Otzma Yehudit leaders
Otzma Yehudit leadersMendy Hechtman /Flash90

Otzma Yehudit candidate Yitzhak Wasserlauf on Friday morning said his party had decided to bow out of the race, but Rabbi Dov Lior demanded they run until the end, no matter what the price.

The party received 19,354 votes, which were divided evenly among the parties which passed the threshold. If Otzma Yehudit voters had split their support evenly between Likud and Yamina, the right-wing bloc would have 59 Knesset seats instead of 58, and Blue and White would have received 32 seats instead of 33.

"Two days before the elections, on Saturday night, we received an interesting offer from the Likud in exchange for bowing out of the race. May Golan would leave the party and become an independent party representing Otzma Yehudit," Wasserlauf said.

The negotiations were held in a high-end tower in Tel Aviv. "We mostly examined the legal aspects. It all looked good. Until we received a telephone from Balfour. The Prime Minister had decided that it was more worthwhile to take aim at our heads, and ordered his people to drop the subject."

The next day a senior figure from the Ashkenazic-haredi UTJ party called Wasserlauf. "He heard what the Likud offered and tried to offer something similar, with [Yitzhak] Pindrus. I told him that that's an interesting option. The conversation didn't last too long, and he asked to look into it. After about an hour he got back to me and said Pindrus is anyways in, and the more haredi Religious Zionists are voting for them and will put him in, so he doesn't see where UTJ gains from the deal."

Pindrus was number eight on the UTJ list. As of now, the UTJ seems to have received just seven Knesset seats, leaving Pindrus out of the Knesset.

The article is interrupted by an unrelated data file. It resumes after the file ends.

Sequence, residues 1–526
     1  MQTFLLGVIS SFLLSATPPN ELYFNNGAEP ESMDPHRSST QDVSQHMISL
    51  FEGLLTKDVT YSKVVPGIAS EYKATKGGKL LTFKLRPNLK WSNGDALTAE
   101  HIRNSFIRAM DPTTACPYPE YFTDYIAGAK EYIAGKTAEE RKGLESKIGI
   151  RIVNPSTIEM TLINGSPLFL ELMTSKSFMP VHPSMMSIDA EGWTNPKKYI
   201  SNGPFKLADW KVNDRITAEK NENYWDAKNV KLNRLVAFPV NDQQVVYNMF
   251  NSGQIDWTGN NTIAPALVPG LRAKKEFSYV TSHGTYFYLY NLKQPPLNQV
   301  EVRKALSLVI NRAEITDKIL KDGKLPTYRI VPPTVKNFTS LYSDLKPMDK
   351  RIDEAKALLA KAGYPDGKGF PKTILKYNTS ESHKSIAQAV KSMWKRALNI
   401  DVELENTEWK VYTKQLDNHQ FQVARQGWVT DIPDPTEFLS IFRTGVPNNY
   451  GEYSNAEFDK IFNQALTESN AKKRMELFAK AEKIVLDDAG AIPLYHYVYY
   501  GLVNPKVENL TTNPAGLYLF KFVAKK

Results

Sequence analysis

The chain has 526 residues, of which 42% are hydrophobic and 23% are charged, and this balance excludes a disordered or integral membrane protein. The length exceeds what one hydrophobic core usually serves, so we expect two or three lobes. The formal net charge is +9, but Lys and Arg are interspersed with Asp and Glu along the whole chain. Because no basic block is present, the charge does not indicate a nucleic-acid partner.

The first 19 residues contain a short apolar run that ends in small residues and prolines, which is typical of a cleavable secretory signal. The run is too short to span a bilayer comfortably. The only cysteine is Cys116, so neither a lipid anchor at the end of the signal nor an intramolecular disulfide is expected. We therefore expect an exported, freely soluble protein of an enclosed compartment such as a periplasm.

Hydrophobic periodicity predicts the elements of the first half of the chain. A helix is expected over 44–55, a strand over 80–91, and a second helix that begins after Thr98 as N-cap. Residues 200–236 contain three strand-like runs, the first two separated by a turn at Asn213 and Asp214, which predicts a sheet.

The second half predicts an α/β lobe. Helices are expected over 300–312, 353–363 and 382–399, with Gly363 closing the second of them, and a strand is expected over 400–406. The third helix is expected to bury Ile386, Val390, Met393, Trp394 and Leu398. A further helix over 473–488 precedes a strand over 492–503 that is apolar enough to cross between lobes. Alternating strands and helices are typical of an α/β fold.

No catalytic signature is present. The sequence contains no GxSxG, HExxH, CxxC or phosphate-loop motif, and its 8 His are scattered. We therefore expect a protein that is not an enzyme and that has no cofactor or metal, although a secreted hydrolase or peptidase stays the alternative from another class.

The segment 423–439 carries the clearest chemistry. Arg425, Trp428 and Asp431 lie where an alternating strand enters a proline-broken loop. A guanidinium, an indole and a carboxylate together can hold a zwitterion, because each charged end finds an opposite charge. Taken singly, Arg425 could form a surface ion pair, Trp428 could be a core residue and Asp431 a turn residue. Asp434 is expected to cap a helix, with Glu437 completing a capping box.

At this point, Otzma Yehudit turned to the Likud, and asked that the Prime Minister agree to one of their demands. "The Prime Minister refused, and would not budge. I guess he had decided to aim for our heads," Wasserlauf said.

On Sunday, the party decided to bow out of the race, since it had no chance of passing the electoral threshold, but the party's rabbi, Rabbi Dov Lior, demanded they arrive at the headquarters in Jerusalem.

"The management gathered in a closed room and there we explained our opinion to the rabbi. The rabbi, a Jew close to 90, is one of the leaders of the generation. He explained to us why we cannot bow out, despite everything, and ruled: We're running to the end. He was very determined."

"If we were like Yamina, then we would see that ruling as simply a suggestion. But for us, a word is a word, and the rabbi's opinion is the Torah's opinion. There's no breaks and there are no games. The rabbi's instruction was quickly passed to the field staff, who had frozen their activities in the interim. Within an hour, dozens of vehicles loaded with equipment began making their way to distribution points across the country. We're continuing guys, we're running to the end."

"Twenty thousand people voted for us, who would not have voted for anyone else. And tens of thousands more would have voted for us if it weren't for the electoral threshold. I'm at peace with myself. Mostly because I accepted the ruling of Rabbi Lior, without questions and without conditions."